"Initially our impression is they are being relatively laggards, but in reality they are actually doing a lot," said Alejandro Zamorano, a San Francisco-based Bloomberg analyst. 


While we don't hear a lot of news about autonomous vehicles in Singapore, the country is taking an aggressive stance on driverless cars to help combat its notorious traffic woes. Companies were allowed to start testing machines in 2015. It's also looking into putting self-driving buses onto public roads. 


While all of these countries are in a good place to let autonomous vehicles shine, China is reportedly the one that's in the best place. The country drafted a set of guidelines on autonomous-vehicle testing and is apparently working on a final version that will be put into place shortly. China, as the outlet states, wants to have 30 million vehicles on the road with some kind of autonomous capability within the next 10 years. This is spurred everyone from giant companies to small ones to look into developing self-driving tech.


Bloomberg believes that countries in North America could benefit from following China's footsteps and allowing provincial authorities to manage tests. At the moment, only 17 states and two provinces in Canada allow for driverless testing on public roads. 


"The U.S. and Canada have basically separated jurisdictions between the federal government and the states or provinces," said Zamorano. "It's actually harmful to test autonomous vehicles because there's no clarity on who's allowed to do what." 


Intel Autonomous Car.jpeg


America's Stance Is Confusing For Companies


The stance the U.S. government has taken on autonomous vehicles is confusing to companies, as it allows for some testing in specific states, but none in others. California and Arizona are the two most noteworthy states that allow for various types of testing. But there are still 18 states that haven't enacted any laws when it comes to the testing of self-driving vehicles.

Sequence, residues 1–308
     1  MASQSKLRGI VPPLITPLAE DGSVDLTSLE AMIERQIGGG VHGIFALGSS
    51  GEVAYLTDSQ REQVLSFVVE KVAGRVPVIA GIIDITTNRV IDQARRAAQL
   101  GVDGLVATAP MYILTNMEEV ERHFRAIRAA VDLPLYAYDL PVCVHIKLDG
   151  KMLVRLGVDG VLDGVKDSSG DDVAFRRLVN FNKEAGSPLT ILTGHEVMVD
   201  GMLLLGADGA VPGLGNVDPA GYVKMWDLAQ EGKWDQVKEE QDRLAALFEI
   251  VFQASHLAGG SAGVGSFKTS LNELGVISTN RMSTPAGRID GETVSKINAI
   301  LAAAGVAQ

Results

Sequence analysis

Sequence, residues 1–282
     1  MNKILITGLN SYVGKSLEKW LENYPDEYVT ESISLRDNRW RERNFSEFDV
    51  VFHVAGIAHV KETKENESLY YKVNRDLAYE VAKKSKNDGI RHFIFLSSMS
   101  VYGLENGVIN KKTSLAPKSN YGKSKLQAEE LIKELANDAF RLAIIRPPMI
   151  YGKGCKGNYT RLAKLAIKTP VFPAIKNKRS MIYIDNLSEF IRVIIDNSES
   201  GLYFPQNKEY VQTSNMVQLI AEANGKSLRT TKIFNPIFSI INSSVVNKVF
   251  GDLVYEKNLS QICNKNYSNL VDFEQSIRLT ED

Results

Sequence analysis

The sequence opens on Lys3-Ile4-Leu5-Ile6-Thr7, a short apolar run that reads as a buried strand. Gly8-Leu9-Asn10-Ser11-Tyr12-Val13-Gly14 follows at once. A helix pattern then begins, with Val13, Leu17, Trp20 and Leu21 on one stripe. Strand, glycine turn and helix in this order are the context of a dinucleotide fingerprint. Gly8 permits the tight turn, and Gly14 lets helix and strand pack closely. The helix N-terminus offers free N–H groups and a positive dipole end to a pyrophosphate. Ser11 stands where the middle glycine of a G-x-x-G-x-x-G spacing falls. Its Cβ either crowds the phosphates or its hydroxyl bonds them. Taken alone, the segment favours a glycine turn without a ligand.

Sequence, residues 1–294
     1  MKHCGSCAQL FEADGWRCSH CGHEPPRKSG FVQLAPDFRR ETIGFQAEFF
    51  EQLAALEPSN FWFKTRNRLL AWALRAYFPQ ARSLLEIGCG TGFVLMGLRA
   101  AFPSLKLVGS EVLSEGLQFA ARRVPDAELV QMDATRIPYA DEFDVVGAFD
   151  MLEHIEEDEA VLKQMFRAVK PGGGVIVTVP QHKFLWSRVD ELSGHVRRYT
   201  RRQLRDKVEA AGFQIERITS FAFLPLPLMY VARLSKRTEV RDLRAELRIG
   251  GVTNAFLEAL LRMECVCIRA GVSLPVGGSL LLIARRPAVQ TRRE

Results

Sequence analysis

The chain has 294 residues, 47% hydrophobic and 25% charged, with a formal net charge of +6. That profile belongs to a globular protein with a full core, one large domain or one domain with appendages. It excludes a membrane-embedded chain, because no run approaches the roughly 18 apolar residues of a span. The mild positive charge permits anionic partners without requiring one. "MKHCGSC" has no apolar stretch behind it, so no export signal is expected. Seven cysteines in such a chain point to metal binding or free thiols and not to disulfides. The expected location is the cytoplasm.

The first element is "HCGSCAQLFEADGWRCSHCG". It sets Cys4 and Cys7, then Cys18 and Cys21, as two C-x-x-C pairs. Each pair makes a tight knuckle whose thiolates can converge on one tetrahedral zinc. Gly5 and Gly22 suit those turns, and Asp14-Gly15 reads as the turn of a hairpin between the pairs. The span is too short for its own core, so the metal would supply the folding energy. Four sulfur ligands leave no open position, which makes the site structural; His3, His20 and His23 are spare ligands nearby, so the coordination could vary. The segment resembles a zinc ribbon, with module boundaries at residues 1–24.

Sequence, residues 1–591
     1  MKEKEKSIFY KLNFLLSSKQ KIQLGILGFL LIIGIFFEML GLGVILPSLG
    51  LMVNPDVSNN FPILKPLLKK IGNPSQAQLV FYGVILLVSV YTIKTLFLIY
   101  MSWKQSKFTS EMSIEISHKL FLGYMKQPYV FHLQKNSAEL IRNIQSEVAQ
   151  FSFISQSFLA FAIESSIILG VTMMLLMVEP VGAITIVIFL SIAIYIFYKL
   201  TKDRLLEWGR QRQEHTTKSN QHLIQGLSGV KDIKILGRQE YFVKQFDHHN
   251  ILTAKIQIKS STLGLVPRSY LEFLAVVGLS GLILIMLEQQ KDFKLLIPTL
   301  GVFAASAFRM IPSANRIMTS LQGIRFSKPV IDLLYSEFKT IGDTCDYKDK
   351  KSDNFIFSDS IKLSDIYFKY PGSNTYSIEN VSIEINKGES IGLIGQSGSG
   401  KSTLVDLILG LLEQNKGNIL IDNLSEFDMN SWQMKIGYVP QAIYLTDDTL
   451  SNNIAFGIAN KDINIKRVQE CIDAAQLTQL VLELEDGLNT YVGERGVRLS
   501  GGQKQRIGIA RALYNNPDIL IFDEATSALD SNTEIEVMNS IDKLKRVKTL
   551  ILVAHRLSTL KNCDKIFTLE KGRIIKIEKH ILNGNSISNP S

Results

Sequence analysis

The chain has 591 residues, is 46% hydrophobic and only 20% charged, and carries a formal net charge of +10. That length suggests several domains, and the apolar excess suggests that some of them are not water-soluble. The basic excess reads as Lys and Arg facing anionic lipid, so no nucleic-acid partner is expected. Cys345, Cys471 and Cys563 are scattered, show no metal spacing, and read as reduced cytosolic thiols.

While a handful of other countries have things set in stone, the U.S. is still working on getting through some of the major kinks. The U.S. Autonomous Vehicle Start Act, which is currently in the U.S. Senate, could allow for testing throughout the entire nation. But lawmakers are still working on what happens in the case of an accident. Bloomberg states that arbitration, when a victim couldn't participate in a class-action lawsuit against a company in the case of an accident, is a major point of contention for lawmakers.


The Act, in its current form, also doesn't have any plans to change safety standards for cars. That has confused some organizations that are calling for national safety ratings for self-driving vehicles to ensure that other drivers on the road are safe. 


There's no end in site for the Act, which is a bad thing, as the lack of a nationwide form of legislation is, as Bloomberg states, forcing companies to focus on ensuring their meeting various regulations that range from state to state instead of working on the actual technology. The end result could be the mass adoption of autonomous technology around the world, while it lags behind in the U.S.